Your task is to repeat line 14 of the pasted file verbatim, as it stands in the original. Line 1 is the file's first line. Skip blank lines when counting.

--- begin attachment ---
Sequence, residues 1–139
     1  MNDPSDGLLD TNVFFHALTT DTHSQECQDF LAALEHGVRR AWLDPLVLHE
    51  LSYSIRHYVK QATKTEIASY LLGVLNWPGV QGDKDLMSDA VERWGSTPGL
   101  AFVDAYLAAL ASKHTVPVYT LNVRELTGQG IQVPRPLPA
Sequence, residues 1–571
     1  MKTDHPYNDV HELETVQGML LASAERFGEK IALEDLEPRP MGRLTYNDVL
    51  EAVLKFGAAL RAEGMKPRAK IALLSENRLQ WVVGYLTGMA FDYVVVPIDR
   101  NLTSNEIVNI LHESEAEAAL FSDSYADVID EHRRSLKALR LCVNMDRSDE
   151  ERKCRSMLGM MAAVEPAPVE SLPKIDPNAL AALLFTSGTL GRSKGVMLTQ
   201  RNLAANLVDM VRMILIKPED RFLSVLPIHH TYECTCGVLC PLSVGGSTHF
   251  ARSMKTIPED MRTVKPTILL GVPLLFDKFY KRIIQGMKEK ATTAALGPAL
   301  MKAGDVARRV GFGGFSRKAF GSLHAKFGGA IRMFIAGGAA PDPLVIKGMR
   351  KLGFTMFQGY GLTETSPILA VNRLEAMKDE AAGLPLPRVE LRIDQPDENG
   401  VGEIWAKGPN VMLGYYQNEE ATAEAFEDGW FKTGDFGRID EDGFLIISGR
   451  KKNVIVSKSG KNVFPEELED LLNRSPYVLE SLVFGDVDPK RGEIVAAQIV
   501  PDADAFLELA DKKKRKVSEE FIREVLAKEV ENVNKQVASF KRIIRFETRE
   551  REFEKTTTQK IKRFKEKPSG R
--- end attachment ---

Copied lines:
   401  VGEIWAKGPN VMLGYYQNEE ATAEAFEDGW FKTGDFGRID EDGFLIISGR